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CHAPTER V.,

- Loraine in

Dr. Walton - Mrs. Johnson - Husband absconded

the army - His return Eliza.

We ought to have informed the reader, that only a few months previous to the death of Mr. Savage, he had removed his family to a place upwards of fifty miles distant from Brookfield. Consequently, at the time when his disconsolate and greatly afflicted widow stood most in need of the society and sympathy of those whom she had ever been accustomed to regard as friends, she found herself in the midst of a circle composed almost entirely of strangers. Yet there were rays of light beaming through the dark cloud which overshadowed her earthly prospects, which faintly illumined her lonely dwelling.

She was not destitute of means to procure whatever was necessary for the comforts of herself and children, and there were some dear friends whose kindness and occasional presence in her sick room, were among the mercydrops commingled by indulgent Heaven with the bitter draught He at this time saw best to cause her to partake of.

Slowly did Mrs. Savage recover from this sickness, and glad would she have been, as she sometimes said, to have been at that time removed from earth, had it not been

true that she was the mother of six fatherless children, the eldest of whom was only fourteen years of age.

Her physician was a truly good man, and did as much to benefit the afflicted lady by the manifestation of kind feelings, united with friendly counsel, as by administering physical restoratives to her frail and care-worn body.

Mrs. Savage was greatly attached to Dr. Walton, grateful for the interest he showed in her family, by his faithful attention not only to herself, but to her suffering little ones, who were deprived, in the hour of greatest need, of that untiring care which is prompted only by a mother's love.

Well would it be were all medical men, like Dr. Walton, governed by the loftier feelings of their souls, as they would thus be the means of exerting a most salutary influence wherever, in the providence of their Heavenly Father, they might be called.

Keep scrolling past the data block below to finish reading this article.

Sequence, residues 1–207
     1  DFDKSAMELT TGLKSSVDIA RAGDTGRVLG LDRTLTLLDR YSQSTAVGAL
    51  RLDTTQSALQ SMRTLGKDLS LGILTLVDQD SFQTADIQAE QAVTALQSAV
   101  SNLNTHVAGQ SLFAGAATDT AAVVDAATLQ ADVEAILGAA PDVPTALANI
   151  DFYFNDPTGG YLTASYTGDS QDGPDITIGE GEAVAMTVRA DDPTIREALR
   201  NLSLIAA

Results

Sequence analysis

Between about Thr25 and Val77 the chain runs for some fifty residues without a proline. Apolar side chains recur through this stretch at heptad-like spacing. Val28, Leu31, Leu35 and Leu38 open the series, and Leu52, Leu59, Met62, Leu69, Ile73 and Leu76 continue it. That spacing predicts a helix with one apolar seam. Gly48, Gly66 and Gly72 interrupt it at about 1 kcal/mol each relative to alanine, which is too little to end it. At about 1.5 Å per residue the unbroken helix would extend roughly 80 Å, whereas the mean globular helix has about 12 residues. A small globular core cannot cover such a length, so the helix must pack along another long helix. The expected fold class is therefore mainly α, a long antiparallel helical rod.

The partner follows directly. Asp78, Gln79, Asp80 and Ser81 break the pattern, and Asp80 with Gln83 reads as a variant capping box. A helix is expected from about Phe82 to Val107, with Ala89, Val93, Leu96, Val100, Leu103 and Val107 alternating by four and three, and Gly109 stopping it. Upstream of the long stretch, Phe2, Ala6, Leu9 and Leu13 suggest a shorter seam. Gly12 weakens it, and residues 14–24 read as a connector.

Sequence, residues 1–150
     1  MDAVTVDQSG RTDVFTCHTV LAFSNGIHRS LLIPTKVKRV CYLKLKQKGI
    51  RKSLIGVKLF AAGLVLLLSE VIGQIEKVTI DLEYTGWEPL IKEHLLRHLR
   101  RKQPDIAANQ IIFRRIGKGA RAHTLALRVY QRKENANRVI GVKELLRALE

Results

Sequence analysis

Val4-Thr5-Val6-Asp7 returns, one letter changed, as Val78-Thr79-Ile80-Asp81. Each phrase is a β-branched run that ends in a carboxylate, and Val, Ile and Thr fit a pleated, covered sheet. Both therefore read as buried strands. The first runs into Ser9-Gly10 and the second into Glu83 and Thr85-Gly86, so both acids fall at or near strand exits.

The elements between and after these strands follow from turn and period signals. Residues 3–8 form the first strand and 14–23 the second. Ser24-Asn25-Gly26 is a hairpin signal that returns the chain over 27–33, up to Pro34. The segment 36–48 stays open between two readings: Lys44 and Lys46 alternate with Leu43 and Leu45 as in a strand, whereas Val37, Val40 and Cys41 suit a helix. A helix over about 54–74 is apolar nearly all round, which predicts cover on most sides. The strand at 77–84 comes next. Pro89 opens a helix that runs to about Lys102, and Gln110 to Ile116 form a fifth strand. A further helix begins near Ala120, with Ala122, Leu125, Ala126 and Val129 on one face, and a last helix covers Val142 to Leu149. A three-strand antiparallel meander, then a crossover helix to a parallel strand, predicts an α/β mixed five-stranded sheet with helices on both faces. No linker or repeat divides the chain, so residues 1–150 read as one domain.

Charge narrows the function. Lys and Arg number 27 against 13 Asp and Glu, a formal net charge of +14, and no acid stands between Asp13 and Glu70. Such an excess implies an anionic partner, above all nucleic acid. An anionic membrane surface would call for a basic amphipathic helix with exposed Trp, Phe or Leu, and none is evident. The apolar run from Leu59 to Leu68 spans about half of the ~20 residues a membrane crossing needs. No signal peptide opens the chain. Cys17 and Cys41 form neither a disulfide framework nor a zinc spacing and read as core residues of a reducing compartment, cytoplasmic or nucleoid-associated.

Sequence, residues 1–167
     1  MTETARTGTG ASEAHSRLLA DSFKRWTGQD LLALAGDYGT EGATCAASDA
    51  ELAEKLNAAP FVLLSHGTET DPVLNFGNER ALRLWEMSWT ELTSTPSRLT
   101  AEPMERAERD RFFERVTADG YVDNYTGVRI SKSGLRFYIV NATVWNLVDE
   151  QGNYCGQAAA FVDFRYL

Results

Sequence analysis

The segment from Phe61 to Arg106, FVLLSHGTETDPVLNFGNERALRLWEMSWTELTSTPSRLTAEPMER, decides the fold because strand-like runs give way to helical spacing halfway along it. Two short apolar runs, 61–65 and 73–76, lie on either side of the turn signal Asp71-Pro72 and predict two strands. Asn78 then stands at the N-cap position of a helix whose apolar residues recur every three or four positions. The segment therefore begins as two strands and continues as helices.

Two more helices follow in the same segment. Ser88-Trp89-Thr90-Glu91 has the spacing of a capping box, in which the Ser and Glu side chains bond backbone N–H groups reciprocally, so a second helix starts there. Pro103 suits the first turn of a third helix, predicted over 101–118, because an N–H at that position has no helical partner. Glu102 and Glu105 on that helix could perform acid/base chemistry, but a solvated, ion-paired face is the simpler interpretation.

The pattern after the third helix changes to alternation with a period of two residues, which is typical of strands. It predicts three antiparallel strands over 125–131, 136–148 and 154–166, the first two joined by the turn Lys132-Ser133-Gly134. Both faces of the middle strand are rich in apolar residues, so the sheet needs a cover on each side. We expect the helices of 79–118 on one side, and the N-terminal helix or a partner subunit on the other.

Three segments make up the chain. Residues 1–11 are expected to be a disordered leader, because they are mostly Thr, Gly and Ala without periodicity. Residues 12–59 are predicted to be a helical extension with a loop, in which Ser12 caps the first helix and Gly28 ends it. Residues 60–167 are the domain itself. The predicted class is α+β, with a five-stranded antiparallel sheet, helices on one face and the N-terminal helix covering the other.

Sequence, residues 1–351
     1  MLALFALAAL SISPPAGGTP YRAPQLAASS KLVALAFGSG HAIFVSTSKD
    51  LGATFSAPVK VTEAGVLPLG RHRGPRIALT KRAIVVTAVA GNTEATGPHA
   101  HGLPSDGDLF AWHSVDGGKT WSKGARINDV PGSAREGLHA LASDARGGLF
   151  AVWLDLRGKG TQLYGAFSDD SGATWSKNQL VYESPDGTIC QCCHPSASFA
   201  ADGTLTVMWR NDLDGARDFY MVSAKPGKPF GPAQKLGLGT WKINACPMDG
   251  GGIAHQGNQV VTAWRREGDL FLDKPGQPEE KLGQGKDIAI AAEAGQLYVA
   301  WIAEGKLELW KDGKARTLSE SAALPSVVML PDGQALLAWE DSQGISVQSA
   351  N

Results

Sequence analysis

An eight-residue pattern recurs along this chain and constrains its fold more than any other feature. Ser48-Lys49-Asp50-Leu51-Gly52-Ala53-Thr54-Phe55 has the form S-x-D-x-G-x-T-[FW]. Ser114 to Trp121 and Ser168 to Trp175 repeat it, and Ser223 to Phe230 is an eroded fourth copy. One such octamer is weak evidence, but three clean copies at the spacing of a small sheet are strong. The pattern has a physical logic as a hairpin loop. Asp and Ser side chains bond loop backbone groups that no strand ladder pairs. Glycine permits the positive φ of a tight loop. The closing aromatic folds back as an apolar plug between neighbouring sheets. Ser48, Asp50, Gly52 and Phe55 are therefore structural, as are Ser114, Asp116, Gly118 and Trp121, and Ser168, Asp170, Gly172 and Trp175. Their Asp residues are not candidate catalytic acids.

Doctor Walton saw, with heartfelt pleasure, that the strength of Mrs. Savage was gradually returning, so as to enable her again to take care of her fatherless children ; and he advised her to mingle, as much as her health would permit, in cheerful society; saying, at the same time, that duty called loudly upon her to do so, not only for her own sake, but for the sake of those dependent beings her Father in heaven had entrusted to her care.

Great was the conflict in the mind of Mrs. Savage, ere she could cease to dwell upon her afflictions, for she felt that she was hardly dealt with — that the chastising rod which it had pleased her Father, God, to lay upon her, had been too heavily inflicted. Recently arisen from a bed of sickness, surrounded by children who were but partially recovered from dangerous illness, knowing too well that their recent misfortunes had greatly abridged her means of support, she sat one morning thinking she must endeavor to pursue some course which would have a tendency to divert her thoughts from her own feelings, when her babe was brought home to her, in consequence of the sudden and alarming sickness of the woman who had nursed him for several months.

This was an unexpected trial to the mother. She knew not what to do with him, as he had thus far been nursed by this person, and was unaccustomed to taking his food from a spoon. She tried immediately to procure another nurse, but was unable to hear of any living near her. She was told of a woman who would probably be glad to take the little creature, if he was carried to her.